“The most powerful person in the world is the storyteller. The storyteller sets the vision, values, and agenda of an entire generation that is to come.” — Steve Jobs
Why is it that, despite constantly feeling overwhelmed by too much information, we all still find time to binge-watch episode after episode of our new favorite show in one weekend?
Why is it that when no one has time anymore, and there is so much noise out there, we choose stories over information, feelings over facts? It’s the power of Storytelling that keeps us glued to our screens for a whole weekend. Stories can turn indistinct noise into symphonic music — and we are suckers for that.
“We say we want information, but we don’t experience the world through information — we experience the world through story.” — Brian Collins
This is the first in a series of articles in which I will apply storytelling techniques to tackle the biggest challenges faced by digital innovation and transformation leaders. I will show you how storytelling overcomes cynicism and turns it into enthusiasm, how it aligns all stakeholders to a single vision and creates a framework for successful innovation by turning your idea into the hero of your transformation journey. Are you sitting comfortably? Then let us begin…
What makes a good story?
In his work from 1949, The Hero with a Thousand Faces, author Joseph Campbell identified a series of events that appear in multiple stories from numerous cultures — a universal story structure that works with humans of all ages and all cultures. To make it short: The majority of stories we know, whether ancient tales or modern Hollywood blockbuster, almost all follow a specific formula.
The journey is the crucial aspect here. For Campbell, that’s what a hero does. Just like in Digital Transformation, we journey away from safety and towards adventure before coming back home again. It’s hard to ignore how influential his theory became. The discovery that all myths follow the same structure inspired the name Monomyth.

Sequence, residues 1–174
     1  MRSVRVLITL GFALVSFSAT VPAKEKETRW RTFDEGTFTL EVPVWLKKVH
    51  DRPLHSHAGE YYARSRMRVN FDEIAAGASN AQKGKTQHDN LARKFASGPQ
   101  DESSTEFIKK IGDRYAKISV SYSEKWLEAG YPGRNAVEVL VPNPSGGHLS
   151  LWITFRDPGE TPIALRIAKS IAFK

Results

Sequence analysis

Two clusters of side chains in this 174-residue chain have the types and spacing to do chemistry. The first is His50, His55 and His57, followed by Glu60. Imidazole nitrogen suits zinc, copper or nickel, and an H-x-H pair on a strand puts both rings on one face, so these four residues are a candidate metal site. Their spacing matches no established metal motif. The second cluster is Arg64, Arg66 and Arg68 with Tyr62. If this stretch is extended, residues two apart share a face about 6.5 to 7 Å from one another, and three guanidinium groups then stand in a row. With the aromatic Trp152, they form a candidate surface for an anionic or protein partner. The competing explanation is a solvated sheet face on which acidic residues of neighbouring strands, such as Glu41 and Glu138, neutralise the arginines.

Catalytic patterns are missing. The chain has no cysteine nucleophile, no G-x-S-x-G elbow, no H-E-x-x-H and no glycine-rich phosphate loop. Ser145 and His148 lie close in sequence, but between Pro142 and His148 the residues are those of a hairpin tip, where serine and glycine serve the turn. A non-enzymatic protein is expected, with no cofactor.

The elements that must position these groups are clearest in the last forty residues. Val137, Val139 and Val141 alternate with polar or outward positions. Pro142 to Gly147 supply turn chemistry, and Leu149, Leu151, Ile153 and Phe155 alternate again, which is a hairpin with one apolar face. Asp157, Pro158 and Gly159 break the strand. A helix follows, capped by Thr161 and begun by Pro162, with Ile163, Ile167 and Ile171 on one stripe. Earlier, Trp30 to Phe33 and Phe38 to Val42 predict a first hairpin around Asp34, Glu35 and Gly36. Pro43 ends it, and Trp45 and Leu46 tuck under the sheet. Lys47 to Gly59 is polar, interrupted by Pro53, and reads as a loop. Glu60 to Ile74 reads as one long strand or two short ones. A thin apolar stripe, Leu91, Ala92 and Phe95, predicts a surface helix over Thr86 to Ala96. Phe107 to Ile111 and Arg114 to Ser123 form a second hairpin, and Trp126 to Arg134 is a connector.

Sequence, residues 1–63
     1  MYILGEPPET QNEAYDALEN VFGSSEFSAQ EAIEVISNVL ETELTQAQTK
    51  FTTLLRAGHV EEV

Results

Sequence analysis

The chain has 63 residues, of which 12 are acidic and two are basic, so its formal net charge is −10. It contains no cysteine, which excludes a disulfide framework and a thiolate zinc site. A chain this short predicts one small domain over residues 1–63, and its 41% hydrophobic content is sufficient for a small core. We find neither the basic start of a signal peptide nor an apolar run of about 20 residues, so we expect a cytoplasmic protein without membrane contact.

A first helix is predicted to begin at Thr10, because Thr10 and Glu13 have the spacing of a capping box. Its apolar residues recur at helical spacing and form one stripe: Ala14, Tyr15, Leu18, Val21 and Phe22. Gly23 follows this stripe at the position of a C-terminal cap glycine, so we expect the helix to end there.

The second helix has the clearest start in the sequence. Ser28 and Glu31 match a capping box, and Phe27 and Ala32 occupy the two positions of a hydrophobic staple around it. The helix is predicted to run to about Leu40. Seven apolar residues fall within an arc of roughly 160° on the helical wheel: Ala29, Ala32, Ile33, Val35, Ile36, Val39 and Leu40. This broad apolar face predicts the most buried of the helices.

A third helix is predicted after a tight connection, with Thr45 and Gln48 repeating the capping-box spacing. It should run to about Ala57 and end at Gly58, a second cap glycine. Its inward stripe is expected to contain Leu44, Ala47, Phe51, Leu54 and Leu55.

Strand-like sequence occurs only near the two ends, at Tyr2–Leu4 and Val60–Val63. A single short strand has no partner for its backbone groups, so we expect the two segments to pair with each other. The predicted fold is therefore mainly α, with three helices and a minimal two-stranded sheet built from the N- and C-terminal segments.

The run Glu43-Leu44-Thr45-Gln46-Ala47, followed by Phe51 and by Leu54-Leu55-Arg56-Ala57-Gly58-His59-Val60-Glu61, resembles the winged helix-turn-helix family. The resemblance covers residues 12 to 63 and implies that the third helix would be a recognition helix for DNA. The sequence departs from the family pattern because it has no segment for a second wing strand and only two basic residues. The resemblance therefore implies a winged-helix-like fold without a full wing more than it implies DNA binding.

The journey consists of two main parts: the descent and return of the hero. With the risk of oversimplification, the hero myth goes like this: Go out there, confront the dragon, get the gold, return and share it with the community — and live a good life as a transformed person.
There is almost something divine to this duality of descent and return. Our society’s longevity depends on this journey into the unknown and the return with ideas. Our real-world heroes dive into darkness and emerge with something new or forgotten, which is substantial for our survival.
Dan Harmon, an American writer, and famous producer of the sitcom “The Community” knew the theory. However, after being stuck with a screenplay he was working on, he felt that it needed some changes. Harmon was looking to find a way to codify the storytelling process in a simpler way. And after watching a lot of Die Hard and going over Campbell’s theory, again and again, he came up with a formula on his own.
“I was thinking; there must be some symmetry to this. Some simplicity.” — Don Harmon (Article in Wired)
So, he created a distillation of the mono-myth into 8 steps and named it the Story Circle. A symmetric and straightforward algorithm that helps anyone to build a story.
The Story Circle works like this: the top half represents “order,” and the bottom half represents “chaos.” The top, therefore, is the character’s familiar world like life, friends or consciousness. It represents where the journey starts and finishes. On the opposite side, you find death, enemies, and unconsciousness. It represents the world that needs to be traversed in order to grow and change. Think of it like your hero is diving into water. First, our hero is dry and in a familiar place. After diving and emerging back to the surface, the hero is wet, but back in a familiar place.